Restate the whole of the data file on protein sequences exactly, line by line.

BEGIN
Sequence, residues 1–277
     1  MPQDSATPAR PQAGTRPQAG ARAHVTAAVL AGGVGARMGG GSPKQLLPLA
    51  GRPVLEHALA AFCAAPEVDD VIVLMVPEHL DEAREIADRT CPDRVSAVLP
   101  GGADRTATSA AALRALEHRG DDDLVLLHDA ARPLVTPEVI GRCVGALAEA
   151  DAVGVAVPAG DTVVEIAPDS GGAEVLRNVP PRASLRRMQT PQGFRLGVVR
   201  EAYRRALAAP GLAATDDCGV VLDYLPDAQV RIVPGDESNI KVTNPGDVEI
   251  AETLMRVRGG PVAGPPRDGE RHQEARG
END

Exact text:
Sequence, residues 1–277
     1  MPQDSATPAR PQAGTRPQAG ARAHVTAAVL AGGVGARMGG GSPKQLLPLA
    51  GRPVLEHALA AFCAAPEVDD VIVLMVPEHL DEAREIADRT CPDRVSAVLP
   101  GGADRTATSA AALRALEHRG DDDLVLLHDA ARPLVTPEVI GRCVGALAEA
   151  DAVGVAVPAG DTVVEIAPDS GGAEVLRNVP PRASLRRMQT PQGFRLGVVR
   201  EAYRRALAAP GLAATDDCGV VLDYLPDAQV RIVPGDESNI KVTNPGDVEI
   251  AETLMRVRGG PVAGPPRDGE RHQEARG